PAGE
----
Under the GDPR, a controller "determines the purposes and means of the processing of personal data." It could be “a legal or natural person, an agency, a public authority, or any other body.”
Meanwhile, a processor “processes personal data on behalf of a data controller.” It could also be any individual or organization you’ve hired.
In our example, this makes Ubookah a DPA data controller, and Buildenture its processor. As such, the startup is required to “actively demonstrate full compliance with all data protection principles.”
Now, Buildenture may use the services of a cloud storage company (e.g. Amazon Web Services, or AWS). AWS will then have access to customer personal details, too, and will be deemed a sub-processor.
To be compliant with the GDPR, Buildenture must ask Ubookah’s written permission for using AWS. That permission will allow Buildenture to sign the so-called “back-to-back contract” with AWS, which contains the same processor obligations as the original DPA.
Once the contract has been signed, the original DPA will still be legally binding for Buildenture as the processor.
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A DPA alone won’t prevent issues on the processor’s side. But if Buildenture allows customer data to leak, and Ubookah doesn’t have a valid DPA signed by both parties, the startup will bear grave consequences.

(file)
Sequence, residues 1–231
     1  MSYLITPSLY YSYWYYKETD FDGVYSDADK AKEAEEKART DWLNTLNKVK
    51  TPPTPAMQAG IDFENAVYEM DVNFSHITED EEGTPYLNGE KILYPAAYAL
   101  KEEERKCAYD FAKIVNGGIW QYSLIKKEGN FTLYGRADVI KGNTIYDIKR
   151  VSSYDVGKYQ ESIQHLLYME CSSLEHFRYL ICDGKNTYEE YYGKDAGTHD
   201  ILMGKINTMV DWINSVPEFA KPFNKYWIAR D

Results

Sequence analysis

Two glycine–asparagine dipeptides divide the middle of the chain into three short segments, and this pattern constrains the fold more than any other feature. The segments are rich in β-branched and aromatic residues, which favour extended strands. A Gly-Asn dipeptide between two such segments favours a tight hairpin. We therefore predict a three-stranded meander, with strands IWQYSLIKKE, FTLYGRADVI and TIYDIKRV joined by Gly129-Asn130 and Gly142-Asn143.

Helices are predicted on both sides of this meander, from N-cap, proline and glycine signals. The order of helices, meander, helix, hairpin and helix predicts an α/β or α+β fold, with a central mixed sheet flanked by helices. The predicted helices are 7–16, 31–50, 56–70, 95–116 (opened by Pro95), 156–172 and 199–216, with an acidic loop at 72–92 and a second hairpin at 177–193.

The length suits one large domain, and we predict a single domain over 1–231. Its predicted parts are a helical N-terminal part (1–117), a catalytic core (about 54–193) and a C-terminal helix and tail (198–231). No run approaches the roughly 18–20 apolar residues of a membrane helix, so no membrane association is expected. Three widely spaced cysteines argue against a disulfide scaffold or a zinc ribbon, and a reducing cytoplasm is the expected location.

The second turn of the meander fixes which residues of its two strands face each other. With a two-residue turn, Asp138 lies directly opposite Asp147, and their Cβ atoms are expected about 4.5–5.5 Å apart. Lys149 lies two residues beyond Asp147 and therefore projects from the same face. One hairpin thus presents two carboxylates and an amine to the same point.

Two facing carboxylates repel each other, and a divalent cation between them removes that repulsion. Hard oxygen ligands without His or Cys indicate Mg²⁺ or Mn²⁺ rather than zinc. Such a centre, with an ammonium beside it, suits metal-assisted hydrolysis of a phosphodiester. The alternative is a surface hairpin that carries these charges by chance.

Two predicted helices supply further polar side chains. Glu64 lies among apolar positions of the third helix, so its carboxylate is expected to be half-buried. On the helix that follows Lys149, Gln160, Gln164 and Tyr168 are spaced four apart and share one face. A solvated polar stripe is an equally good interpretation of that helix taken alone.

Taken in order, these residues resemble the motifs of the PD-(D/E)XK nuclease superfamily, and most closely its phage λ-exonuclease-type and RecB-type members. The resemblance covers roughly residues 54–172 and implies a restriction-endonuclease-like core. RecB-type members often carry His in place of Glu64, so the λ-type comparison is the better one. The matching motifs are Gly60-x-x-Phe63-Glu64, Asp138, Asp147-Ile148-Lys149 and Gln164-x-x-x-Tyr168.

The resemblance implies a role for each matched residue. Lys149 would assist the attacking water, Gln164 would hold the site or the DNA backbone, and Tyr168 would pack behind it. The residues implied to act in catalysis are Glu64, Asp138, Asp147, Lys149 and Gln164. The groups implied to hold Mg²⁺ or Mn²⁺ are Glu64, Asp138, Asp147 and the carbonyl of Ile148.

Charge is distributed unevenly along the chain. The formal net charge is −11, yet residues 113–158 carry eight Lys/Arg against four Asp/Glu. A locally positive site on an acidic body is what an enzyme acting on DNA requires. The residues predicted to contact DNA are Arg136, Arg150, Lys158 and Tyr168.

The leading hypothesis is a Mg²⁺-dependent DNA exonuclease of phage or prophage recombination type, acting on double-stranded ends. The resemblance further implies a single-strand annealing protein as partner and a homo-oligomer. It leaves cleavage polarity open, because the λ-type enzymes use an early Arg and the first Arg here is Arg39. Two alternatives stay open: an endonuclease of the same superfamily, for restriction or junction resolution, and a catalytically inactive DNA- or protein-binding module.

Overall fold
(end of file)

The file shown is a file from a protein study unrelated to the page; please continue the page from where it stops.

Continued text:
The GDPR makes this clear: “If your organization is subject to the GDPR, you must have a written data processing agreement in place with all your data processors.”
Startups often resort to software development outsourcing, and they outsource work to developers all around the world. Let’s use our imaginary companies again to illustrate how this might play out: Buildenture could be located in India. Does this make the developer or Ubookah exempt from the GDPR compliance? On the contrary.
As long as Ubookah works with the personal details of EU citizens, it needs to comply with the GDPR. Where their contractors are located makes no difference.
If the India-based Buildenture messes up and there’s no DPA, Ubookah alone will bear legal and public responsibility. But if there is such an agreement between the parties, Ubookah will be able to claim financial compensation from Buildenture. And the startup will also be able to defend itself in the public eye.
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As a CEO, you will likely delegate DPAs and compliance in general to an expert or external provider. That said, it’s best to know which steps that person or company needs to take to ensure your peace of mind.
We’ve put together the following two checklists to help you assess the work they’ll be doing on your behalf.
You need to create a clear picture of which information you collect from each channel, and identify which information is subject to GDPR. Here’s what the regulation says: